Daily Archives: July 21, 2009

If I Did It…

Comic-Con International San Diego 2009 gets underway Wednesday, and comicdom’s little corner of the Internet has been abuzz for a couple of weeks with excitement on the part of professionals and fans alike. I wish I could share that kind of energy, but I’m left feeling a little disappointed. I’m unable to attend this year’s festivities/insanities yet again. Travelling to the show all the way from the East Coast of Canada to the Left Coast of the United States is financially daunting enough as it is, but when one factors in efforts to pay off bills amassed after a wedding and Irish honeymoon last fall and to save up for a home sometime in the coming months, committing to the Pilgrimage of the Comic-Book Enthusiast just isn’t feasible.

I have attended the convention on two occasions in the past: once courtesy an employer in 2000 (anyone remember the Fandom.com incarnation of Comics Newsarama?) and once on my own dime in 2003. Both were rewarding (and exhausting) experiences, and while the hectic pace, physical demands and Hollywood incursions temper one’s enthusiasm for Comic-Con, I always find myself feeling some regret in those years when I’m unable to attend or decide against it.

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Quick Critiques – July 21, 2009

Variant coverBlackest Night: Tales of the Corps #1 (DC Comics)
by Geoff Johns, Peter J. Tomasi, Jerry Ordway, Rags Morales & Chris Samnee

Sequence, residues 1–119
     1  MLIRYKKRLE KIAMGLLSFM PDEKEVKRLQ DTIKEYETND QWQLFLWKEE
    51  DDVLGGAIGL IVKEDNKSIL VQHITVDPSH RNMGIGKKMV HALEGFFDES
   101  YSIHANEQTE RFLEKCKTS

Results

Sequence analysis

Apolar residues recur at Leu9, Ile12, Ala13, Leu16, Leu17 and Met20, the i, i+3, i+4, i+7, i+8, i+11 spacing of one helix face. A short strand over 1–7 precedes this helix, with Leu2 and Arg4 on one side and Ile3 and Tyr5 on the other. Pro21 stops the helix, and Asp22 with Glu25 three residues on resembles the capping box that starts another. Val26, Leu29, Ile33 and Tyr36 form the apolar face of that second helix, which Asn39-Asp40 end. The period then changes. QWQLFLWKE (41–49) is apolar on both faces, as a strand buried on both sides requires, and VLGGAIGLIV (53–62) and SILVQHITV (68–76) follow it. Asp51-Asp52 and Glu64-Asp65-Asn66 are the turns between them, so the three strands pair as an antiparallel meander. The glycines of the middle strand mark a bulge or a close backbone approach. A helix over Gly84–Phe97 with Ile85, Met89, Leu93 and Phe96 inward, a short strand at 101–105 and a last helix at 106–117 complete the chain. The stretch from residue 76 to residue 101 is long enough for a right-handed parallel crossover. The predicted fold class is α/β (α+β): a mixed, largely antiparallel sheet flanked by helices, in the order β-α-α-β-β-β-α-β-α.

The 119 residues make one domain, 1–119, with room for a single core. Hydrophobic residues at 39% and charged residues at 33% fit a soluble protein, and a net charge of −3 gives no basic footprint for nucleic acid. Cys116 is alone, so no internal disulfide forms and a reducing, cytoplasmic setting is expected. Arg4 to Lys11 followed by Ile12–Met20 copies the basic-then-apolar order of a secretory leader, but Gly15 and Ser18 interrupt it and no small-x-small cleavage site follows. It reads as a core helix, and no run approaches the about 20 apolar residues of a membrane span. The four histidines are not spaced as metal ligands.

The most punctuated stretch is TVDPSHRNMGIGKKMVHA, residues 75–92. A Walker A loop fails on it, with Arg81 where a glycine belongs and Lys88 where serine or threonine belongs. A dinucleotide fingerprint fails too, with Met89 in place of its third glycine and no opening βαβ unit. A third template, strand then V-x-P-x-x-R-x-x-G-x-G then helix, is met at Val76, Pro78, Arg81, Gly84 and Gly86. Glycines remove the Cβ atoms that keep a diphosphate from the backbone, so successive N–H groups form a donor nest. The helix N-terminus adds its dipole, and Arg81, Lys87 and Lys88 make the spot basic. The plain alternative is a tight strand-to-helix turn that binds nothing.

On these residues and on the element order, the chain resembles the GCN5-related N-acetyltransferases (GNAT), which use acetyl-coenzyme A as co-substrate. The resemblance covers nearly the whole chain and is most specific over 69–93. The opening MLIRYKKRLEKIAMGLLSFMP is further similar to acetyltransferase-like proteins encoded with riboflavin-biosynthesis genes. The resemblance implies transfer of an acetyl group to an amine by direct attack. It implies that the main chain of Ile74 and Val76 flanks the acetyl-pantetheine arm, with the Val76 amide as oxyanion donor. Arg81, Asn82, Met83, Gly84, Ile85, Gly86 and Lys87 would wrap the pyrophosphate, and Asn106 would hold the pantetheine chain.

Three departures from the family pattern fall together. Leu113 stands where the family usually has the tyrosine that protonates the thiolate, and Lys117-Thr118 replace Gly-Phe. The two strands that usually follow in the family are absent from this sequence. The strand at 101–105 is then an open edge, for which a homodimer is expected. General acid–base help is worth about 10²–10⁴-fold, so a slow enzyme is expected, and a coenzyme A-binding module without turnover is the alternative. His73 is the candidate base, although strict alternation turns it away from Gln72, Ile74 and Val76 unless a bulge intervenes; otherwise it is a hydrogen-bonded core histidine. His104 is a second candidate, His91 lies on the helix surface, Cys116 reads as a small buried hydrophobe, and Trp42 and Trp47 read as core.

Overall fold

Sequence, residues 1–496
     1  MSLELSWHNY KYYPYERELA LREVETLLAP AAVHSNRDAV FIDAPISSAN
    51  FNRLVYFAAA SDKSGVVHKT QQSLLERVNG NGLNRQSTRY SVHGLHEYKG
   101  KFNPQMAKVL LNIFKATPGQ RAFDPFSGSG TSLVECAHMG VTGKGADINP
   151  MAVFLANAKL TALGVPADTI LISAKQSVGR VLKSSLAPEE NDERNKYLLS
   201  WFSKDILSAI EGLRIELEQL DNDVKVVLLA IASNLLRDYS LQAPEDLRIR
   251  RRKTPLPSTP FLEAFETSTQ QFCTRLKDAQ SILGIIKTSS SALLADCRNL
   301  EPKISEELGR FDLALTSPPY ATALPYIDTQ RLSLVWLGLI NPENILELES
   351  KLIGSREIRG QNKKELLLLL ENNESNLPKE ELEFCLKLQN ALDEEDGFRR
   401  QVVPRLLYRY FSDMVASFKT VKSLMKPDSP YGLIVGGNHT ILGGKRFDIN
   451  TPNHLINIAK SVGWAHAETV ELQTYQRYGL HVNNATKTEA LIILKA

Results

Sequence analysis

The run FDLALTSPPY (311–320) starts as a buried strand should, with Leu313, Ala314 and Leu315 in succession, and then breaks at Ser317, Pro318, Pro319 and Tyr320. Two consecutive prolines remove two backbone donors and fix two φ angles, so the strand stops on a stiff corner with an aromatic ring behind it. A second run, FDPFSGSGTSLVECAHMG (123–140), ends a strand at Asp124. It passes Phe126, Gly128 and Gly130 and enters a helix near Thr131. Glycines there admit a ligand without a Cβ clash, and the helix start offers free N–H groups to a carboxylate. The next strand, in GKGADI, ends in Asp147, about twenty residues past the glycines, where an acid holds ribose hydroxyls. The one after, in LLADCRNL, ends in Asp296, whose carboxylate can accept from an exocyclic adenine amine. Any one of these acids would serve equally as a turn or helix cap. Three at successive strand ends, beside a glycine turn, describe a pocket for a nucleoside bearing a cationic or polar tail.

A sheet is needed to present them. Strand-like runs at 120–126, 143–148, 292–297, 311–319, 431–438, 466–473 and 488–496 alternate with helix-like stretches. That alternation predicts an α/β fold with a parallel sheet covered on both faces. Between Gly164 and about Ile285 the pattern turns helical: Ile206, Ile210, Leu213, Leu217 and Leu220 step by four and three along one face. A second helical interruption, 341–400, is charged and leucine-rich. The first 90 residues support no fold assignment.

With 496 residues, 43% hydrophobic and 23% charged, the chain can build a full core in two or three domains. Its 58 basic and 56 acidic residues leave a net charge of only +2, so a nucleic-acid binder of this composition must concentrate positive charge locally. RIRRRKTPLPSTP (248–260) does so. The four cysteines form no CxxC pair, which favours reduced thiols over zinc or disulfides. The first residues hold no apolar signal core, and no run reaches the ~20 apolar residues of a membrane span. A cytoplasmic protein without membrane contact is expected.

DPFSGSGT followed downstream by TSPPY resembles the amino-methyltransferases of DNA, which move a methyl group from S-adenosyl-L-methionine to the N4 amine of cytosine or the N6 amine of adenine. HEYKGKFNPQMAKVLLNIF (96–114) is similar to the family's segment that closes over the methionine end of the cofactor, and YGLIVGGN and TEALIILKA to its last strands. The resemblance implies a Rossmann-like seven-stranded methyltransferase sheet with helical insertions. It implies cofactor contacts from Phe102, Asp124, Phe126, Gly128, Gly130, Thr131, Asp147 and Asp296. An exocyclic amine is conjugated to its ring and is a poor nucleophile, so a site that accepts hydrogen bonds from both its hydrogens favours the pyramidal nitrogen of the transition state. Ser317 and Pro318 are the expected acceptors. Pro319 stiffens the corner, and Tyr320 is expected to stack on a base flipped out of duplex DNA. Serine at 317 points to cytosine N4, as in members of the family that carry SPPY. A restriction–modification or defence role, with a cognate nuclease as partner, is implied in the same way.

This is far from required reading for the Blackest Night event, and like other anthology books, it’s something of a mixed bag. The editors wisely opt to start off with the strongest of the three stories. Johns’s story of the origin of Blue Lantern Saint Walker may be predictable, but it’s ballsy too in that it’s a story about religion, faith and hope. It’s not often you see a super-hero yarn from one of the big two genre publishers that so embraces a religious theme. Wisely, Johns’s script isn’t preachy even though the alien faith mirrors Judeo-Christian tenets in several ways. I wish that Johns’s other contribution — “Tales of the Indigo Tribe” — had been as satisfying. The story tells the audience nothing about this mysterious Indigo corps; the reader is left as frustrated and confused as the Green Lantern and Sinestro Corps member in the story. Mongul was an odd choice of subject for the Sinestro Corps story sandwiched in between Johns’s contributions. Tomasi tells us nothing new about the character; he doesn’t even portray the young Mongul II as pitiable, as he’s as heartless and cruel as his father.

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